Conclusion - Pros
- Good resolution and detail, just slight less 'crisp' than the D70/D70s
- Use of default color Mode III delivers punchy vibrant colors
- Low noise even at high sensitivities, better than competitors
- Excellent image parameter control; sharpening, tone, color mode, saturation and hue
- Custom curves allows user definable tone response
- Nikon Matrix metering II , brighter than D70/D70s
- Body design, finish and build quality
- Very fast camera operation, virtually no startup, minimal usage delays
- Larger viewfinder eyecup (less stray light)
- Viewfinder focus screen display of memory card and battery status
- Fast SD write performance
- Excellent continuous shooting buffer usage, slower but more frames in 30 seconds
- Most camera settings available via buttons on camera body
- Lighter than D70 although not as small as Pentax or Canon competition
- Help pages on custom function menus
- Image comment attachment
- Multiple color space support (sRGB, Adobe RGB)
- Orientation sensor for automatic image rotation
- Fully Nikkor lens compatible (plus new DX lenses)
- Large, 2.0" LCD monitor
- USB 2.0 (Hi-speed) transfers
- Value for money
Conclusion - Cons
- Not as crisp (per pixel sharpness) as D70/D70s
- Still some moire / maze artifact pattern visible (noticeably less than D70/D70s however)
- Kit lens performance is pretty average, corner soft, light fall-off
- No Kelvin white balance selection
- No backlight on status LCD
- No mirror lock-up (vibration reduction for long / macro exposures)
- One command dial
- LCD monitor display gamma can make some images appear over-exposed when they aren't
- No viewfinder grid lines (surprisingly useful if you're used to them; D70/D70s)
- No vertical grip (portrait grip / battery pack) available
- Encrypted white balance in RAW files limits third party converters
- RAW+JPEG only captures a Basic quality JPEG
Unlike Canon when they produced the EOS 300D (Digital Rebel) Nikon chose not to cripple their affordable digital SLR. Instead the D50 while lacking some of the D70's features doesn't compromise performance or photographic flexibility, most important for first time buyers who (surely) the manufacturers hope will progress to a more expensive D-SLR later.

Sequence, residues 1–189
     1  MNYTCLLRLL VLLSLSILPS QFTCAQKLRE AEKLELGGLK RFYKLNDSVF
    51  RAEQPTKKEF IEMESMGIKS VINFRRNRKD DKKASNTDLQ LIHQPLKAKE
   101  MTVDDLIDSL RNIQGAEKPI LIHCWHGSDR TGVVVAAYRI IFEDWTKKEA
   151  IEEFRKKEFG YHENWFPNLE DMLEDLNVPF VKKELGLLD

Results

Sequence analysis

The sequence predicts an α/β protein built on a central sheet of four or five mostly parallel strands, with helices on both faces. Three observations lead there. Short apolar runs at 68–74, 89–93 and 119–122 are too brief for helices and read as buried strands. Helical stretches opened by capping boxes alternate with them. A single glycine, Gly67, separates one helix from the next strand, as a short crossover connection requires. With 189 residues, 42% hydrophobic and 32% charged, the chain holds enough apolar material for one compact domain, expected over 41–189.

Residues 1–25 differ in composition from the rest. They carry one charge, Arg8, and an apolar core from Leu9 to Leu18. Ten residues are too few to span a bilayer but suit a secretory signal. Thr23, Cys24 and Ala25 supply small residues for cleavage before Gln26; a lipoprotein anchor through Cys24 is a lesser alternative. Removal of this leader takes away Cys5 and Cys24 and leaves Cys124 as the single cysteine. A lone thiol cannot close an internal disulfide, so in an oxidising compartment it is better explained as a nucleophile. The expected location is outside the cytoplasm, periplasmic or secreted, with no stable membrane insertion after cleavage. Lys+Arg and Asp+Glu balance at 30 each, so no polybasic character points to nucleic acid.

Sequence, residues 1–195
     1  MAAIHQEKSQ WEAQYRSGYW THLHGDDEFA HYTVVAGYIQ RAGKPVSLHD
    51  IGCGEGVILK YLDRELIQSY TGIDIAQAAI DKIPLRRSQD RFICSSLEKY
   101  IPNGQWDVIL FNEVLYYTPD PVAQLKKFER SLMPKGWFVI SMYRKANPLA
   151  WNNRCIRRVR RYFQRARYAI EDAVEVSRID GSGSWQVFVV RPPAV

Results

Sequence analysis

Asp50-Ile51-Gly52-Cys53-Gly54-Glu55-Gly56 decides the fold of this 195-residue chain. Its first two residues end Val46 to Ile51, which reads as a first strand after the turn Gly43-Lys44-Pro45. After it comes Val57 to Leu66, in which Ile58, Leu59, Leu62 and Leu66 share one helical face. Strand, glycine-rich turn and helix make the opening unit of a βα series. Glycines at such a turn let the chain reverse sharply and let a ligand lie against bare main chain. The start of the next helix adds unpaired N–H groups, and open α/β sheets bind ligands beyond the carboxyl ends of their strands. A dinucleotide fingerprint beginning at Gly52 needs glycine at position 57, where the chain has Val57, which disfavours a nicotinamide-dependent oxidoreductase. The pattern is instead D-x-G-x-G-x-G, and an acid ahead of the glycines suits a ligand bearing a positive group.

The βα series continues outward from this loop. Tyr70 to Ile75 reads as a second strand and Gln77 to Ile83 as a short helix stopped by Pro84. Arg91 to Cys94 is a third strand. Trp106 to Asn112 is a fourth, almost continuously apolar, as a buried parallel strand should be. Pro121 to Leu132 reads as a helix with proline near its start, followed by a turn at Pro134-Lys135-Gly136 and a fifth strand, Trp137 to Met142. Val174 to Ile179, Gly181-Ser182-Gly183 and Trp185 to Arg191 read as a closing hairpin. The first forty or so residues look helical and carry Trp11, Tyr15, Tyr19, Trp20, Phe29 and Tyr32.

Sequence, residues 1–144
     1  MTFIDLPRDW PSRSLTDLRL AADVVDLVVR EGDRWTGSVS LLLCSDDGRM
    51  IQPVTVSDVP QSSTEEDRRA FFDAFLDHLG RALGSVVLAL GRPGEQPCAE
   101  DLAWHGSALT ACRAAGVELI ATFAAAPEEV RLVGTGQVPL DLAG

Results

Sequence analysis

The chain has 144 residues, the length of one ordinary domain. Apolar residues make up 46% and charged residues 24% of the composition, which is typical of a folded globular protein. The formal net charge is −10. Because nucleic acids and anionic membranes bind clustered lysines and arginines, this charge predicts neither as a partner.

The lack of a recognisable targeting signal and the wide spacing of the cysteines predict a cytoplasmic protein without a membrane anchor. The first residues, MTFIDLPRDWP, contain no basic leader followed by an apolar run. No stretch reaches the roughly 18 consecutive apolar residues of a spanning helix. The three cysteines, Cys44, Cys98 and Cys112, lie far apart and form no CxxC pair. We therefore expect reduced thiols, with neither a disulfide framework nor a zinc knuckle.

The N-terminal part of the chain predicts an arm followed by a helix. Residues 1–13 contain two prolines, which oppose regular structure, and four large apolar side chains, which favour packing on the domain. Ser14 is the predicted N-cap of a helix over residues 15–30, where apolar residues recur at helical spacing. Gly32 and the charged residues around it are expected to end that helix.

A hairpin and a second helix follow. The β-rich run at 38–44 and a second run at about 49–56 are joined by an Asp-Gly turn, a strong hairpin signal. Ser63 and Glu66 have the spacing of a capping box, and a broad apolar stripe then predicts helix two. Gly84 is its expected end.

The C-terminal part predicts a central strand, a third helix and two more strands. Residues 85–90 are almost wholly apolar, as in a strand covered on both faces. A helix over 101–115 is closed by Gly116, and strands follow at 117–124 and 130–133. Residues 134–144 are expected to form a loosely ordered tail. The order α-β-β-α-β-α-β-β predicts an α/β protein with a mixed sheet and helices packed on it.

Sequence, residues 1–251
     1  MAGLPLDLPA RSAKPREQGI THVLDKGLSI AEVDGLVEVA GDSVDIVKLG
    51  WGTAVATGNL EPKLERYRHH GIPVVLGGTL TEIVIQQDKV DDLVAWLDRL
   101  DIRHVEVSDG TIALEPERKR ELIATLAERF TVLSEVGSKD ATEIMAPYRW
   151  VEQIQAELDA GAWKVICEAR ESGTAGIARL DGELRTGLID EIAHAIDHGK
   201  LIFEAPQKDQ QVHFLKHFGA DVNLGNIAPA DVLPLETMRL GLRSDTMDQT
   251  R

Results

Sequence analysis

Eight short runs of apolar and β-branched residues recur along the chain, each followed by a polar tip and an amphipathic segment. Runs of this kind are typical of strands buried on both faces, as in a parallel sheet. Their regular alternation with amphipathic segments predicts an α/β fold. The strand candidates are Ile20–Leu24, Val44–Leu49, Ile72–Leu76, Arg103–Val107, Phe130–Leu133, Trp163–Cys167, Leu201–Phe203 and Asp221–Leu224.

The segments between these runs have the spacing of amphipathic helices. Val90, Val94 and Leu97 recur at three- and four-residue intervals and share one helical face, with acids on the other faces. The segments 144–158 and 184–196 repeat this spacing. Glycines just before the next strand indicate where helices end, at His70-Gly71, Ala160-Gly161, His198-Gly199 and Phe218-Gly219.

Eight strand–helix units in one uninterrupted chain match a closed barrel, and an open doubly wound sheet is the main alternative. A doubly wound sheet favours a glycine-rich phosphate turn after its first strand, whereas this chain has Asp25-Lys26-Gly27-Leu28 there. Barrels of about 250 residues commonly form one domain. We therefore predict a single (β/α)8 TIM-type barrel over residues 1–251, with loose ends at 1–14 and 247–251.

The D50's sensor and image processing pipeline are clearly different to that of the D70/D70s, it exhibits fewer of the moire/maze artifacts but at the same time isn't quite as crisp as its 'elder siblings'. That said the D50 is more than capable of producing some fantastic results, and is tuned to deliver bright and colorful images from the first exposure. If this isn't to your taste you can of course configure the image processing to produce D70-like images.
We were probably the most surprised by the D50's noise levels, Nikon has clearly spent time since the creation of the D70 on design changes to keep noise down. The D50 has the lowest noise levels of any of the affordable digital SLR's we've tested (although they're all fairly clean, we're talking fractions here).
The nicest thing about the D50 however is that it just feels right, build wise it's a step above the Canon EOS 350D and Pentax *ist DS, it's also not too small, I'm all for making cameras lighter but there's a limit as to how small you can make an SLR before the hand grip feels cramped and controls begin to get in the way. The D50 feels as responsive as any film camera and is a pleasure to shoot with. The only change I would make would probably be a larger viewfinder view (like that of the Pentax *ist DS).
I'm quite happy to give the D50 our highest rating, Highly Recommended, there's little to dislike and for anyone looking for an affordable digital SLR it has to be seriously considered. My only advice would be to research lenses and decide if you want to go with the Kit or spend a little more on a slightly better lens.